”After that, subjects that I am interested in writing about includes: “Supplementation,” “A Vitamin Primer,” and “Essential Minerals.” Other subject areas are “Energy Homeostasis Systems,” “Food Reward” and “Hedonistic Eating” as described by Stephan Guyenet in a recent Boing, Boing post. If you can’t wait, check out his “Whole Health Source” blog.

Other things of interest are Ageing, Low Calorie Diets and Lifespan, Small Meals, Pemmican Cupcakes, The Potato Diet, Obese Mother/Malnourished Child, Epigenetics and the 1944 Dutch Famine, and Taste: Bitter, Sweet, Sour, Salty and Savory. If my readers have any suggestions or thoughts, please offer them in the comments section provided after every post. And please also consider becoming a “follower,” or add this blog to your Google Reader or RSS feeds. Thanks.

Sunday, March 18, 2012

The Nutrition Debate #45: Do You Need to Lower Your Cholesterol?

“We have all been led to believe that cholesterol is bad and that lowering it is good,” posted Mark Hyman, M. D. on his website in May 2010. This belief is almost universal. And the most sure-fire way to lower Total Cholesterol is to lower LDL cholesterol by prescribing one of the ubiquitous statin drugs: Crestor, Lipitor, Zocor or its generic Simvastatin.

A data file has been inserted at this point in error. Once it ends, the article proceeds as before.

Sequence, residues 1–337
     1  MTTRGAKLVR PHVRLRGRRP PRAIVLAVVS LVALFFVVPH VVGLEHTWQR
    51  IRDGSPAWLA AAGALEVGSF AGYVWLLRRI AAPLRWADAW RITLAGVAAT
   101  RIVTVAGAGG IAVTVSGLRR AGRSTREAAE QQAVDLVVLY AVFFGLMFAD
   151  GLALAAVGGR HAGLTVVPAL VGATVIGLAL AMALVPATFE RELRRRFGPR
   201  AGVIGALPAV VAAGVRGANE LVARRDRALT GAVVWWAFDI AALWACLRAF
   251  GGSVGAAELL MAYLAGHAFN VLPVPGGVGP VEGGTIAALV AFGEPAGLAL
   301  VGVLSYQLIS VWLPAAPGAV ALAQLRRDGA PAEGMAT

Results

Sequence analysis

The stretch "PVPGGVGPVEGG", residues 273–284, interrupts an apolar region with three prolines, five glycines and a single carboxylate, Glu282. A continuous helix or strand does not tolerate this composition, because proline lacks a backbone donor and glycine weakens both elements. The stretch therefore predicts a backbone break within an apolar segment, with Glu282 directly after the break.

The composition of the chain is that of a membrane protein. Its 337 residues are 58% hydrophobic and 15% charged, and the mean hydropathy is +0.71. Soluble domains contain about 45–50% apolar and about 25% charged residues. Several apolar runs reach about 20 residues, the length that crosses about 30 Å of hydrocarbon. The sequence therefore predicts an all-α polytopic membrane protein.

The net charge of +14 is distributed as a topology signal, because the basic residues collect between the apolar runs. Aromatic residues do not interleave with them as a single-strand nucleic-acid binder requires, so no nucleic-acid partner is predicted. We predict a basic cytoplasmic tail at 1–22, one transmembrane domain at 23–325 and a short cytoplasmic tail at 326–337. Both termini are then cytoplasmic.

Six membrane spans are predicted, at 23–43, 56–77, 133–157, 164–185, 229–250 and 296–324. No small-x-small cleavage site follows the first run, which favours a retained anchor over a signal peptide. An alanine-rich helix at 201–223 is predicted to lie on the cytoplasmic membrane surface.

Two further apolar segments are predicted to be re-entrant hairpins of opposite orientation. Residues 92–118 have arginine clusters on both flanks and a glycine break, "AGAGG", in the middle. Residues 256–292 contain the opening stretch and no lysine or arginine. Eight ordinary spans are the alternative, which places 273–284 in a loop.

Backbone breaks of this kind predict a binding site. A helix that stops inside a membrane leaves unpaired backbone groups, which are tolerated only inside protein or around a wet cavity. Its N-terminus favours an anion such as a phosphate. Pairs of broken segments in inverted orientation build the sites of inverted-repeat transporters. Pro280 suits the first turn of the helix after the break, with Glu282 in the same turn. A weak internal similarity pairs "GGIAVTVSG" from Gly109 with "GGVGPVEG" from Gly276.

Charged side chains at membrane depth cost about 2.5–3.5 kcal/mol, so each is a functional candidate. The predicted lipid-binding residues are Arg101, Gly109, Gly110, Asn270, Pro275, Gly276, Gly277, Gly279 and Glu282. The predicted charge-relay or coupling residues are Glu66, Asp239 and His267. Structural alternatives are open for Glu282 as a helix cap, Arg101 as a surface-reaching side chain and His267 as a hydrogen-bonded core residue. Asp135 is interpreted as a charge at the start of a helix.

“But on what scientific evidence is this based?” and “what does the evidence really show?” Dr. Hyman asks. Many health professional have asked similar questions, but Dr. Hyman in his blog post lists a concise yet comprehensive (and familiar to me) summary of findings in the medical literature that question the rationale and justification for prescribing statins:

• If you lower bad cholesterol (LDL) but have a low HDL (good cholesterol), there is no benefit to statins.
• If you lower bad cholesterol (LDL) but don’t reduce inflammation (marked by a test called C-Reactive Protein), there is no benefit to statins.
• If you are a healthy woman with high cholesterol, there is no proof that taking stains reduces your risk of heart attack or death.
• If you are a man or a woman over 69 years old with high cholesterol, there is no proof that taking statins reduces your risk of heart attack or death.